TREY McINTYRE PROJECT
UW World Series hosts the Seattle debut of TMP. Sigh…the same weekend as PNB’s 3 by Dove and locust’s party and Karin Stevens show. It’s a good weekend to support the arts!
TMP’s Ilana Goldman in Idaho (photo by David Harry Stewart)
on the program • found videos • found articles • new: review
By Leslie Holleran
TMP Makes Positive First Impression on Seattle
Trey McIntyre Project (TMP) made its Seattle debut this past weekend. Judging by the standing ovation the company received on Saturday night at the University of Washington’s Meany Hall, this Boise-based dance company made a positive first impression here and would be welcomed back.
The company’s nine dancers, four men and five women, presented four pieces by choreographer Trey McIntyre. (McIntyre was a ballet dancer and danced with Houston Ballet before turning his focus to choreography 15 years ago.) These pieces included one company premiere, “Wild Sweet Love,” originally made for the Sacramento Ballet in 2007, and “Ten Pin Episodes,” which TMP premiered in Boise last month.
The first half of the program began with a short, light-hearted piece called “Shape” and continued with “Ten Pin Episodes,” in which dancing with bowling pins was a serious endeavor. In “Shape,” three dancers, two women and a man, contend with five red balloons. The first dancer to take the stage wears two of these balloons under her shirt, giving her a hugely enlarged bosom. However, she doesn’t allow her disfigured shape to get in her way as she dances like a sprite across the stage. The other female dancer carries her two balloons in her hands and maneuvers them to complement the movements of the rest of her body. As she leaps, she extends the balloons above her head. At other times, she maneuvers them to fill the space under her arms. The male dancer wears his balloon on his head like a clown. The piece ends with the first dancer removing her balloons from under her shirt and releasing them into the air. She’s freed herself of her distorted shape.
There were several great and beautiful moments in “Ten Pin Episodes,” including some of the male/female partnering. However, the central concept of the piece — creating relationships between dancers and bowling pins — was one I questioned and questioned. I ultimately decided that one needs a more compelling reason for choosing a particular prop.
The second half of the program began with “(serious).” In this piece set to music by Henry Cowell, three dancers, one female and two male, have a single purpose that links them inextricably together. Near the end of the piece, the dancers stand on the perimeter of a circle of light near the front and center of the stage. One of the men ejects himself from the trio, but not for long. His partners quickly bring him back into the fold. They intend to be a cohesive unit in their “serious” pursuit. (After seeing the piece, I watched the Vimeo video included on the blog about the making of serious eager to better understand what inspired McIntyre to create this abstract work. There he explains that “(serious)” is an exploration of the array of meaning contained in a single word.)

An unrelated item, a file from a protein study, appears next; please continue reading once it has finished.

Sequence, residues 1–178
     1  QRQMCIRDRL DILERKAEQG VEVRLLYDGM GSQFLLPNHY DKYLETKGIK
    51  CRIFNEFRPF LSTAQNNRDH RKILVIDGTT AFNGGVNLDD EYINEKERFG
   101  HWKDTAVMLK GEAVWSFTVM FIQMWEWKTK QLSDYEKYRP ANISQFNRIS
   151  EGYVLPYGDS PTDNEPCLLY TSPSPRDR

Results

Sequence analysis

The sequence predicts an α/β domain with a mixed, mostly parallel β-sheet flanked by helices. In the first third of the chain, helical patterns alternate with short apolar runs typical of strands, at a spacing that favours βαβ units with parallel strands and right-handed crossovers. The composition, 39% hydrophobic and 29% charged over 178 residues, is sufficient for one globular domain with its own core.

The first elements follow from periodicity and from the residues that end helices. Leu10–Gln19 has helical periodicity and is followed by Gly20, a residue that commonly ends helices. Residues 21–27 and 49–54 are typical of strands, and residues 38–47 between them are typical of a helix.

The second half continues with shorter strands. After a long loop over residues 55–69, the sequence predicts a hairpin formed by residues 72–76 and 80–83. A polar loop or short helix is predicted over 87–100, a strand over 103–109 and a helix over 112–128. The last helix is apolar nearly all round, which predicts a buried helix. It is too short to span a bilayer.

The last piece on the program, “Wild Sweet Love,” evoked the array of emotion that love can cause through a series of six vignettes accompanied by an eclectic mix of music. The female dancers were dressed as brides wearing long tulle skirts and long white gloves. Their grooms wore short white unitards. The central figure of the piece was a bride who lacked a groom. Her pained expression indicated her dismay. Had she been jilted? Even so, her feelings couldn’t halt the celebration, which included: three couples dancing exuberant duets to Felix Mendelssohn’s famous Wedding March; a slow, beautifully partnered duet by one couple to Lou Reed’s “Perfect Day”; and some dancing out of American Bandstand by another couple to The Partridge Family’s “I Think I Love You.” Freddie Mercury’s rock song “Somebody to Love,” performed by Queen, was the accompaniment for the final vignette which featured an ecstatic solo by the groomless bride. The piece revealed love to be wild and sweet for some, but not all.
ON THE PROGRAM
Here’s what TMP said they’re bringing to Seattle:
Ten Pin Episodes
Wild Sweet Love
(Photo courtesy of UW World Series, from their marketing e-mail)
VIDEO: THE MAKING OF Wild Sweet Love
VIDEO: THE MAKING OF (serious)
White Bird (in Portland) commissioned the piece.
(From Vimeo )
Milwaukee: the Journal Sentinel review from March 10
New York: NYT review from June 2009 (by Gia Kourlas)
Why he settled in Boise: NYT article (by Claudia LaRocco)
“Hottest Choreographer”: Boston Globe article, 2005 (by Karen Campbell)